Scots Law LLB in Canada


Having accepted an offer to undertake my LLB at Edinburgh come Fall 2009, I thought I would solicit some advice from those Canadians who have attempted to re-enter Canada with the intent to practice, particularly in Ontario.

I realize there is something of a deficit with an LLB in Scots Law, but I was hoping someone would tell me what their exact experience, duration of courses back in Canada, etc, was. It may not be too late for me to take an offer from an English school if my Edinburgh LLB makes things a logistical nightmare for me.

Appreciate any advice you guys have,

Christopher
Having accepted an offer to undertake my LLB at Edinburgh come Fall 2009, I thought I would solicit some advice from those Canadians who have attempted to re-enter Canada with the intent to practice, particularly in Ontario.

I realize there is something of a deficit with an LLB in Scots Law, but I was hoping someone would tell me what their exact experience, duration of courses back in Canada, etc, was. It may not be too late for me to take an offer from an English school if my Edinburgh LLB makes things a logistical nightmare for me.

Appreciate any advice you guys have,

Christopher

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Kerfuffle
Check out the NCA guidelines - I doubt having a Scots LLB will put you at any more of a disadvantage compared to any other Commonwealth LLB holder.

Ultimately, if you want to practice back in Canada, don't go to a foreign law school, because it's very protectionist regarding foreign trained lawyers.
Check out the NCA guidelines - I doubt having a Scots LLB will put you at any more of a disadvantage compared to any other Commonwealth LLB holder.

Ultimately, if you want to practice back in Canada, don't go to a foreign law school, because it's very protectionist regarding foreign trained lawyers.
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SuzieQ
I agree with Kerfuffle. If you're Canadian and plan on practising in Canada, you're better off doing your law degree in Canada. It's almost always cheaper and you don't have to worry about the NCA process (which applies to all provinces except for Quebec). Most people I know who have done a law degree abroad either have to take several (i.e. 10) exams or do two years at a Canadian law school. After that, you would still need to pass the bar and article.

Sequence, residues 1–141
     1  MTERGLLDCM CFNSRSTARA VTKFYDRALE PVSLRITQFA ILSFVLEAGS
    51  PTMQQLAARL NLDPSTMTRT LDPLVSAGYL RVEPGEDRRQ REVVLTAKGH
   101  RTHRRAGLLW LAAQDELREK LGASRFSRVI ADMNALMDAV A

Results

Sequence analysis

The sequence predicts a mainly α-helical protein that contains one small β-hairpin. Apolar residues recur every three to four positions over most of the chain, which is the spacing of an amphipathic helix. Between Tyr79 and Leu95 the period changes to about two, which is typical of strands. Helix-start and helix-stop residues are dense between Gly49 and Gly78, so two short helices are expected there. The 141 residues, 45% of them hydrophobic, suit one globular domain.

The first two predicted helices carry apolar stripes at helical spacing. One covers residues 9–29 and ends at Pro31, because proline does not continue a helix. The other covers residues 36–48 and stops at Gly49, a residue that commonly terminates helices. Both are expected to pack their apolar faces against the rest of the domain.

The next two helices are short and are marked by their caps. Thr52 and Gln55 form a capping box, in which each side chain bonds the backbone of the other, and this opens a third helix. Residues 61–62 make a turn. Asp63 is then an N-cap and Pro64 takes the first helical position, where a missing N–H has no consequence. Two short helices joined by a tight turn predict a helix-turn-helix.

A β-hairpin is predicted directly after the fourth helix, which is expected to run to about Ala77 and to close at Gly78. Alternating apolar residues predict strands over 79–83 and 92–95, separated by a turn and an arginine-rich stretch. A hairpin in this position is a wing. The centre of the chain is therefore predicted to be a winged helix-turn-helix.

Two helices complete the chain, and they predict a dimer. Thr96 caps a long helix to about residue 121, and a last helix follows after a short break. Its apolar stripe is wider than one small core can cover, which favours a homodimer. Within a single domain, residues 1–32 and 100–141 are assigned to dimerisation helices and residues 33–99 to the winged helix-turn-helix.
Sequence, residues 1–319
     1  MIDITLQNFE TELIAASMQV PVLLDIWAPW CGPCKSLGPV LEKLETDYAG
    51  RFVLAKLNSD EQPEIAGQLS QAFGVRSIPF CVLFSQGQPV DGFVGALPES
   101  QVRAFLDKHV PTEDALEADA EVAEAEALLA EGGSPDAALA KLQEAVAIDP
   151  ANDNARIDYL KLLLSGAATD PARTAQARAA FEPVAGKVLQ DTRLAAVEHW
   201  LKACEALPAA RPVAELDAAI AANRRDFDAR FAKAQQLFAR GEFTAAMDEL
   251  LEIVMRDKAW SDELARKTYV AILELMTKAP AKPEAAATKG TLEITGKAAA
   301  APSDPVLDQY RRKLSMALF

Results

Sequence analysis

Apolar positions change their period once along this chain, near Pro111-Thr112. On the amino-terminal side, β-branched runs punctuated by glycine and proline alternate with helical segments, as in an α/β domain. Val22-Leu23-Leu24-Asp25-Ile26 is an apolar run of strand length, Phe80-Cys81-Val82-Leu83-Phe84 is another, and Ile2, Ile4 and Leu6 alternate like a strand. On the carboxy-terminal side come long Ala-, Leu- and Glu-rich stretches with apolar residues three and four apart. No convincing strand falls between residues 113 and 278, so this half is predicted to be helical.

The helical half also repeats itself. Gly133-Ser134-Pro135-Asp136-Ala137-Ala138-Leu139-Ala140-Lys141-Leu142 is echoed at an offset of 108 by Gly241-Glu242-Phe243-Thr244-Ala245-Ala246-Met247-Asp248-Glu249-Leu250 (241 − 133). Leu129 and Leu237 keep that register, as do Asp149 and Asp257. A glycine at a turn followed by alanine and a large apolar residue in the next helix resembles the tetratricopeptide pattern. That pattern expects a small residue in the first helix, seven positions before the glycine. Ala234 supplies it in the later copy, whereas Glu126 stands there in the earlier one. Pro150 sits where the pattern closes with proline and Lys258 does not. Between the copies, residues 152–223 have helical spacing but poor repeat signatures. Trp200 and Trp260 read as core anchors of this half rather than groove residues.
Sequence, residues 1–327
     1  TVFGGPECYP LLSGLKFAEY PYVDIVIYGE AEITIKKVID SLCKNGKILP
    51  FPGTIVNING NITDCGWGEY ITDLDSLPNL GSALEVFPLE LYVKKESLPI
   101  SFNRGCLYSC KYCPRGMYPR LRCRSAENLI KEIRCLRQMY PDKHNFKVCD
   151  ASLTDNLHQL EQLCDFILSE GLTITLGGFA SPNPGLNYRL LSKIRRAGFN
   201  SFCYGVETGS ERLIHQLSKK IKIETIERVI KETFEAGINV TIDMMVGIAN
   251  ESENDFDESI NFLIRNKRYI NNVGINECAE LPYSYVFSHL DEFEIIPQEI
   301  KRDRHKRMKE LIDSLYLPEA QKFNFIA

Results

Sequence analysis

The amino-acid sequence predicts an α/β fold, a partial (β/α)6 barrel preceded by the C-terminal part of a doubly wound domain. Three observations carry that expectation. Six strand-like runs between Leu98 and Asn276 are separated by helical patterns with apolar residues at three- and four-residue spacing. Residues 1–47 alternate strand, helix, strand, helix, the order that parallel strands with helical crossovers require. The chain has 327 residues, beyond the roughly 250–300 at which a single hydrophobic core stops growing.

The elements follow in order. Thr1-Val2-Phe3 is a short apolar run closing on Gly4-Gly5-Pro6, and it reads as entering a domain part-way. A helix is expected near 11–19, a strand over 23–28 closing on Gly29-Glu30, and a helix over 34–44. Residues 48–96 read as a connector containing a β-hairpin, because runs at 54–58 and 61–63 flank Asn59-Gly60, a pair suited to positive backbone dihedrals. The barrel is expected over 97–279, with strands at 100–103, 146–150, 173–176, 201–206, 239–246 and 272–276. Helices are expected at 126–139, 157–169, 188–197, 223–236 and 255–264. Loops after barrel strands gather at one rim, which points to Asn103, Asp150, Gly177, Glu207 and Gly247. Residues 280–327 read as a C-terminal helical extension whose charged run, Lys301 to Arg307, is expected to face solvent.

If you're eager for the experience of studying in the UK, you can always do a semester or a year abroad during your Canadian LLB/JD or do an LLM after finishing up in Canada.
I agree with Kerfuffle. If you're Canadian and plan on practising in Canada, you're better off doing your law degree in Canada. It's almost always cheaper and you don't have to worry about the NCA process (which applies to all provinces except for Quebec). Most people I know who have done a law degree abroad either have to take several (i.e. 10) exams or do two years at a Canadian law school. After that, you would still need to pass the bar and article.

If you're eager for the experience of studying in the UK, you can always do a semester or a year abroad during your Canadian LLB/JD or do an LLM after finishing up in Canada.

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I am a newly qualified solicitor based in Scotland and looking to move to Vancouver. Does anyone have any advice before jumping into it? From what I've read it is incredibly difficult to practice in Canada as a foreigner. I speak French which may be of benefit. Most of the posts seem to relate to people who have studied abroad but returned to Canada to practice from the outset. Is it the same scenario for qualified solicitors in other jurisdictions? Would it be advantageous to do a masters in Vancouver or somewhere in Canada or an unnecessary expense? Any help much appreciated.
I am a newly qualified solicitor based in Scotland and looking to move to Vancouver. Does anyone have any advice before jumping into it? From what I've read it is incredibly difficult to practice in Canada as a foreigner. I speak French which may be of benefit. Most of the posts seem to relate to people who have studied abroad but returned to Canada to practice from the outset. Is it the same scenario for qualified solicitors in other jurisdictions? Would it be advantageous to do a masters in Vancouver or somewhere in Canada or an unnecessary expense? Any help much appreciated.
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